Have you ever heard about the Vagus Nerve? Well, the vagus nerve is one of the longest nerves in your body. Additionally, it is a nerve that facilitates the mind-body connection. With that in mind, optimizing how your vagus nerve functions will not only make you healthier and happier, but also increase your ability to cope with stress, depression, anxiety, and other mental health problems. 

In this article, you are going to gain insights about the vagus nerve with regards to what it is, its role in the mind-body connection, and how it gets damaged. You will also get to learn the characteristics of a damaged vagus nerve, as well as how you can stimulate your vagus nerve.

  1. What is the vagus nerve ?

The vagus nerve originates from the latin word vagus, which refers to wandering or vagrant. With that in mind, this nerve is referred to as the vagus nerve because it wanders throughout your body.

Having said that, the vagus nerve is the largest cranial nerve. It carries impulses to and from your brain. It runs from the base of your brain all the way to your neck, chest and down to your abdomen. The vagus nerve is found on each side of your body.

  1. What role does it play in the body (mind/body connection) 

The vagus nerve plays a critical role in the mind-body relationship. According to polyvagal theory of Stephen Porges, regulating the state of your nervous system can help you treat mental health conditions. The vagus activity is believed to be responsible for how your emotions are manifested in your body, from the anxiety or butterflies you feel in your stomach, to the intense sadness. 

In essence, the vagus nerve is responsible for the spark in your smile, and what you refer to as “gut feeling”, or “getting on my nerves”. Your vagus nerve tends to assess the mood of people around you, and sends that information to your brain. Additionally, when your vagus nerve is stimulated, it triggers a relaxation response, which slows down your heart rate. What’s more, the relaxation response tends to trigger the release of certain proteins and enzymes, which help you to calm down. 

In a nutshell,  your vagus nerve helps to repress irrelevant stimuli, calm you down, regulate your emotions, improve concentrate, and increase your ability to relate well with others. Additionally, it helps you respond effectively to symptoms of PTSD, anxiety and depression. On the other hand, if you vagus nerve is not functioning well, you are likely to suffer from lower heart rate, cognitive impairment and depression. 

  1. How it can get damaged/overworked 

The vagus nerve is just like any other nerve, which means it can also get damaged, particularly when it is overstimulated. Among the things that can overstimulate and damage the vagus nerve include stress, abdominal surgery, overwhelming fear, intense pain, pregnancy, prolonged standing, and exposure to too much heat. Additionally, certain medications such as those used to treat high blood pressure can also lead to vagus nerve dysfunction.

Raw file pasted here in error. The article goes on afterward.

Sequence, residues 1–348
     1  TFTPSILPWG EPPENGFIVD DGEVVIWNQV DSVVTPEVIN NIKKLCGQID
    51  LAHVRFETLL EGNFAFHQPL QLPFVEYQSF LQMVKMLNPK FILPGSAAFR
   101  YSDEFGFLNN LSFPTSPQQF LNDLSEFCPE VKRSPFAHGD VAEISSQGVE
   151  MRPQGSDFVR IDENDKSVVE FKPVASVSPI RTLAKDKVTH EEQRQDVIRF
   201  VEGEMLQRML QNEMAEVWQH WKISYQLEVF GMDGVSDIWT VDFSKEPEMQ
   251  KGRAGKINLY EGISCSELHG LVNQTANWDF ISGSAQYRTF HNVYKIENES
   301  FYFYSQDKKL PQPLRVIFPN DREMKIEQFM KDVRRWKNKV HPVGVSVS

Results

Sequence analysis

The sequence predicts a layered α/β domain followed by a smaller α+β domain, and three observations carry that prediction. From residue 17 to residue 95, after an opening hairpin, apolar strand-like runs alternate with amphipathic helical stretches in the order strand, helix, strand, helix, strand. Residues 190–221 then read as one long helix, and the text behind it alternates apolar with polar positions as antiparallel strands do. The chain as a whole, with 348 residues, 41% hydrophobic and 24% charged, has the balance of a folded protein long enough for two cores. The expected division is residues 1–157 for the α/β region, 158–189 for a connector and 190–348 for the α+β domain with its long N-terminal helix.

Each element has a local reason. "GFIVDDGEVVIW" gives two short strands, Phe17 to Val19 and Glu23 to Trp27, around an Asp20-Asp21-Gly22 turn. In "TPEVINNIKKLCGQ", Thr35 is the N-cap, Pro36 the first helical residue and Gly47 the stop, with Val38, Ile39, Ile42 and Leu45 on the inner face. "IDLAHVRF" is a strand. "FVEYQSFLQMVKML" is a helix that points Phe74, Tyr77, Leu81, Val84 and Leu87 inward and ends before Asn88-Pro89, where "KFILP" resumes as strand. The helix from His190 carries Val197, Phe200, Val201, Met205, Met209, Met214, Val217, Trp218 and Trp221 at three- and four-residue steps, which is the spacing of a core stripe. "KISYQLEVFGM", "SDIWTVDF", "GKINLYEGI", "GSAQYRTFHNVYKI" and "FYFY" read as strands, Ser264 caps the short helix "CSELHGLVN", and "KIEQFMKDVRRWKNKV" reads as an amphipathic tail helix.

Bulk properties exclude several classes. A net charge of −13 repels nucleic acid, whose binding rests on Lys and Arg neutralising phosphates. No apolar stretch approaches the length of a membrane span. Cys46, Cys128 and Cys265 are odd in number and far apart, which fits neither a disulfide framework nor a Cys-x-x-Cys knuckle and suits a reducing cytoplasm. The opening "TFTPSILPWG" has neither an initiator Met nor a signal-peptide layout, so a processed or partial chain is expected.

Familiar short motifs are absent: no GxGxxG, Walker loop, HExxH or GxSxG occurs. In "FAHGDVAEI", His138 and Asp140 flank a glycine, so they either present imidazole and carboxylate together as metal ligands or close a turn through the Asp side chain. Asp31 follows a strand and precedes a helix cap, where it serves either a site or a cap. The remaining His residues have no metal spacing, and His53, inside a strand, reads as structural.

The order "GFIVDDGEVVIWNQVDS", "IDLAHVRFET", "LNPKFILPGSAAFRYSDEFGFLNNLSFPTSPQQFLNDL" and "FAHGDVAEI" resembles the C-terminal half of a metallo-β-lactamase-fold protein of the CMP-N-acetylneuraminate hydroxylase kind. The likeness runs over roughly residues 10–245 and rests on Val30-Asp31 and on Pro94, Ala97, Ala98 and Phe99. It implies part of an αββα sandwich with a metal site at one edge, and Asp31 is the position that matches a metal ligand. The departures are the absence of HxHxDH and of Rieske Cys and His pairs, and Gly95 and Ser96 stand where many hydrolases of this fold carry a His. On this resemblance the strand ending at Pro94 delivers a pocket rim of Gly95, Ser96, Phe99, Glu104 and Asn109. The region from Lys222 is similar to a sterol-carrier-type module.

1. What are the outward effects of a damaged vagus nerve? 

The healthy functioning of your vagus nerve is referred to as high vagal tone, while the malfunction of your vagus nerve is referred to as low vagal tone. With that being said, the signs and symptoms of low vagal tone include:

  • Fainting 
  • Mood disorders
  • Chronic inflammation 
  • Obesity 
  • Epilepsy 
  • Difficulty swallowing 
  • Vitamin B12 deficiency 
  • Gastrointestinal disorders 
  • ADHD
  • Anxiety disorders
  • Bipolar disorder 
  • Depression 
  • Cancer 
  • Diabetes
  • Heart disease and decreased heart rate 
  • Alzheimer’s disease 
  • Addictions 
  • Chronic fatigue 
  • Digestive disorders 
  • Constipation 
  • Low blood pressure 
  • Choking while eating 
  • Autoimmune disorders 
  • migraines
  1. How to hack or nourish the vagus nerve 

To stimulate the vagus nerve, you can incorporate various activities into your every day schedule. They include:

  • Exercises 

Exercise stimulates the vagus nerve. It increase’s your brain’s cognitive abilities, your mental health, and your gut’s health. 

  • Deep slow breathing 

Breathing deeply and slowly tends to activate your vagus nerve, thus enabling it to communicate with your brain. As a result, your heart rate and blood pressure can decrease significantly.

  • Thoughtful meditation 

Repeating positive phrases about people you interact with on a daily basis can stimulate your vagus nerve and improve your mood.

  • Gargling 

Garling with water tends to activate your pallet’s muscles, which in turn increases the performance of your working memory. 

  • Yoga 

Yoga stimulates the vagus nerve, thus helping you remain calm and cope effectively with anxiety and depression. 

  • Laughing 

Have you been laughing hard enough? Well, laughter tends to boost your immunity and improve your vagal tone. 

  • Singing 

Singing, chanting, or humming will help the muscles at the back of your throat work more effectively, which will in turn stimulate your vagus nerve. So, be sure to sing energetically. 

  • Other activities that can increase your vagal tone include taking a cold shower,  drinking cold water, massage, aromatherapy, and intermittent fasting.